I hope, if we don't have Chrome installed, the apps don't open Chrome page in the App Store. It would be very annoying if that happens.
Rating: 1 Votes
Posted: 20 months ago
I started doing a check in my apps. If the user has Chrome installed, links open in that. Otherwise it falls back to Safari.

That way we dont have to mess around with 'integration tools' for simple links to the browser.

All you do is direct a link to googlechrome:// and it'll force it to open in chrome instead of safari.

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I have tried alternate browsers. But I don't see the benefit on an iOS device. Nothing really earth moving is available in one over the other.

I'd love to hear some examples to make me want to switch, but I just don't.

I also hope that Google doesn't start forcing their apps to use their other apps. That is just as bad as not having a choice. Make it an option like the did in the just updated GMail and I am fine.

Its the ecosystem. For me Chrome is miles better than Safari because I can pull up pages I have open on any other device that I use Chrome on. It syncs my bokmarks, logins, etc. In comparison Safari is obviously limited to only doing it with Safari on your mac, and if (like most people) you dont use Safari on your mac, its not very useful.
Rating: 1 Votes
Posted: 19 months ago

I would guess most people do use safari on their Mac.


I tried to find some official stats however nobody seems to be combining Browser + OS right now so theres no way of really knowing. Given Chrome's current marketshare I'm not so sure Safari is actually the most widely used OS X browser.
Rating: 1 Votes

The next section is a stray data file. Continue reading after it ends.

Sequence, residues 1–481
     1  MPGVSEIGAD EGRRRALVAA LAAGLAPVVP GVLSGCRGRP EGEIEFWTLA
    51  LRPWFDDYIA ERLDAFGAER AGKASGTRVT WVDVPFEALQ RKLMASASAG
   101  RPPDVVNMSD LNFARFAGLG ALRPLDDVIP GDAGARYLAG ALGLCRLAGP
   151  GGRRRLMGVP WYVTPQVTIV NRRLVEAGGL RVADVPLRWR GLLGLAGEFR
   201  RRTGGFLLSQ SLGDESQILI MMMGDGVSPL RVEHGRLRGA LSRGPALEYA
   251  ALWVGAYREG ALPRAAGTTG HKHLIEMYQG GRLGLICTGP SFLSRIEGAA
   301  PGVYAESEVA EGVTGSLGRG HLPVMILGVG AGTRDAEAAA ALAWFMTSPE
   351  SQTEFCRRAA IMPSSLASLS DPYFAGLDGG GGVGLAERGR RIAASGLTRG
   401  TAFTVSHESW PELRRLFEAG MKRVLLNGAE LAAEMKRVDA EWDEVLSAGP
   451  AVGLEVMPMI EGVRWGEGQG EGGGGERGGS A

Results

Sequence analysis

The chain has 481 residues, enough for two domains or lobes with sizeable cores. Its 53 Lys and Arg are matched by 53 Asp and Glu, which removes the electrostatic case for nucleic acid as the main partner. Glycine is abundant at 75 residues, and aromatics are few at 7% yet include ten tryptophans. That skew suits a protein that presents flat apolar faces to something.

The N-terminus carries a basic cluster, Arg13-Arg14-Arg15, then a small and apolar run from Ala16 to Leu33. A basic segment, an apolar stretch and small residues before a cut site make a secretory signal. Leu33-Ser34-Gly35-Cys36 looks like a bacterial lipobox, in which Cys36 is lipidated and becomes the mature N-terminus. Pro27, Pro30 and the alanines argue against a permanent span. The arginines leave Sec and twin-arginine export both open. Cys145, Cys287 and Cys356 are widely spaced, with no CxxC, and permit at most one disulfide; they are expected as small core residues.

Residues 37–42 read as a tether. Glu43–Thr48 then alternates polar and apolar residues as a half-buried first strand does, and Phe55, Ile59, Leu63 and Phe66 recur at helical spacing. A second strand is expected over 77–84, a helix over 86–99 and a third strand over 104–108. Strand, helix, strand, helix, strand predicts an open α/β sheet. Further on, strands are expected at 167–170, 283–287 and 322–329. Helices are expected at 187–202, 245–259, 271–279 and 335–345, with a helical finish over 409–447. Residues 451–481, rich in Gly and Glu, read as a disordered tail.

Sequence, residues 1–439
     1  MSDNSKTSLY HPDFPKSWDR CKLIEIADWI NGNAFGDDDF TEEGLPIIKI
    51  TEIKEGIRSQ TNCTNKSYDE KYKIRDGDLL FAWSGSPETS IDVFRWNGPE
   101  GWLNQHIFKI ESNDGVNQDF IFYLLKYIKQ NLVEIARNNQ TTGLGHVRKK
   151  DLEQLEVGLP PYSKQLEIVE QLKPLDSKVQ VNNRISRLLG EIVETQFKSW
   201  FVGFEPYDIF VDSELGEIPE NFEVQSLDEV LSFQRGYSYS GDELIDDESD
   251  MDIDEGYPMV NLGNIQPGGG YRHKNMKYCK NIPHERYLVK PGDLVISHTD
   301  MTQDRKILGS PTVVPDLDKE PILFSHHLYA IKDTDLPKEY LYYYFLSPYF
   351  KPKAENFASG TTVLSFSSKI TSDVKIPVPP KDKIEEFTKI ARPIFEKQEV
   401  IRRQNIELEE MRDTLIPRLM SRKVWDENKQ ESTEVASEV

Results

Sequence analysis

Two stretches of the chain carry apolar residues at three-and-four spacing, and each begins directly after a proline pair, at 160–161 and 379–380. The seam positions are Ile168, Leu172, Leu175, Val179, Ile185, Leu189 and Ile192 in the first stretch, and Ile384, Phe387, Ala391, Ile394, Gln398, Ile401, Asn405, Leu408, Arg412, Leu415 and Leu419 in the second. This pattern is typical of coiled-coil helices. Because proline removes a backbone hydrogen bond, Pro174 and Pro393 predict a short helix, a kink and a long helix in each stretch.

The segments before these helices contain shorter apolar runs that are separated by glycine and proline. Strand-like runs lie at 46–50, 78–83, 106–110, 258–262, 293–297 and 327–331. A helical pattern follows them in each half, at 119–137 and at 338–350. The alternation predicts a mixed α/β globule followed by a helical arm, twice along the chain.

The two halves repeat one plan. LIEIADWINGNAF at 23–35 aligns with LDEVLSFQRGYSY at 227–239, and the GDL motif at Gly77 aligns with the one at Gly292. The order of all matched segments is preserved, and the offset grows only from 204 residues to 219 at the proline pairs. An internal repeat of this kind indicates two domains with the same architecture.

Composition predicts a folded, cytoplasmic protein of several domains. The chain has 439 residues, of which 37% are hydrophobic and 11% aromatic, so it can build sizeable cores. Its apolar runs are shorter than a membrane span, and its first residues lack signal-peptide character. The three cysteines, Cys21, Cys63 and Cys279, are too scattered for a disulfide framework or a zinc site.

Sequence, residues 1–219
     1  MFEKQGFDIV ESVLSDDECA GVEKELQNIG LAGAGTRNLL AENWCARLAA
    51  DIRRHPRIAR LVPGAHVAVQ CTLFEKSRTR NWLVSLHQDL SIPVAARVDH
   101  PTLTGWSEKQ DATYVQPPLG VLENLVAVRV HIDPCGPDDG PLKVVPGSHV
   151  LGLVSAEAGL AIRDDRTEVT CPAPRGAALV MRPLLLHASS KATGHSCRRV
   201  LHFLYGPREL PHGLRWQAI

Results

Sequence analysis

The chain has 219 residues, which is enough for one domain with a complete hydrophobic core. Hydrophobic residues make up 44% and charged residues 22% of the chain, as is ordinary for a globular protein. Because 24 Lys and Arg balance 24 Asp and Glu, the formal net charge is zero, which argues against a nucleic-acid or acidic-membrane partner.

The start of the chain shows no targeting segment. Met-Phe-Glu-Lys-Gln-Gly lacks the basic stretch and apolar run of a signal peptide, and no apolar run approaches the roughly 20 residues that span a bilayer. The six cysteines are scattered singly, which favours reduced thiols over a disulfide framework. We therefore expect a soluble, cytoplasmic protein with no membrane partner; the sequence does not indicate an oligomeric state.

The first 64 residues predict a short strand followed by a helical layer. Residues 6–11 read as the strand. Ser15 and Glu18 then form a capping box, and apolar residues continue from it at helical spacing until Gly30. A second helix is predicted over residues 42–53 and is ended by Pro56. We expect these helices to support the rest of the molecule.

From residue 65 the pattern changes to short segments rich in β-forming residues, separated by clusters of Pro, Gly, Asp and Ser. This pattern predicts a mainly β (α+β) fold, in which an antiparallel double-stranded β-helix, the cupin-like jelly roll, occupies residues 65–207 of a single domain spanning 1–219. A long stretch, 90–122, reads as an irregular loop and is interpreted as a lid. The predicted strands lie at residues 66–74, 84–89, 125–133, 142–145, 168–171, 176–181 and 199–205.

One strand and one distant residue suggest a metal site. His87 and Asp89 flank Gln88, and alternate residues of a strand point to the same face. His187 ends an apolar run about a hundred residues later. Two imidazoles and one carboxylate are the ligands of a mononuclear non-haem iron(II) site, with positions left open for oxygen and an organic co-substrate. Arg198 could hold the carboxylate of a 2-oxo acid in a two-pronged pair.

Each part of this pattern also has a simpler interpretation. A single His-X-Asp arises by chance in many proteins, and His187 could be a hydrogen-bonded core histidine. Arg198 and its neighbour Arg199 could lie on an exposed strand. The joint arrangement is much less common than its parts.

Posted: 20 months ago

I really dont know how Apple get away with not allowing users to change default browser. Cant see the difference with what they are doing now and what Microsoft did with IE.


Agreed. Microsoft was sued for this

Hopefully iOS 7 let's users decide what they want or class action lawsuit
Rating: 1 Votes
Posted: 20 months ago

I have developed about a dozen apps for clients. 4 of those have had web views, because they want to display some information, and a webview is a great way to do layout.

If you are running an app that needs that much browser stuff - tabs, back/forward, etc. then you aren't making a native app. You are making a web app and wrapping it in an app skin for basic buttons. And you are doing that because you don't want to write a native app.

I use over 100 apps on my phone. I have never found an app that uses a rich browser, nor have they been lacking because of it.

I'm sorry, I still don't get it.

And as somebody else pointed out, this is really a way for Google to get more information about you (or your app) by doing this. But Google supposedly isn't evil, right? Only Apple.


I never do this either, but Facebook and Twitter and many other apps have built in web browsers for opening links. They use built in web browsers instead of Safari because they want users to be able to navigate back to the app quickly. Do they have the user's best intentions in mind? It's debatable. But google is offering an alternative to rolling your own web browser that allows users to still get back to your app quickly and easily.
Rating: 1 Votes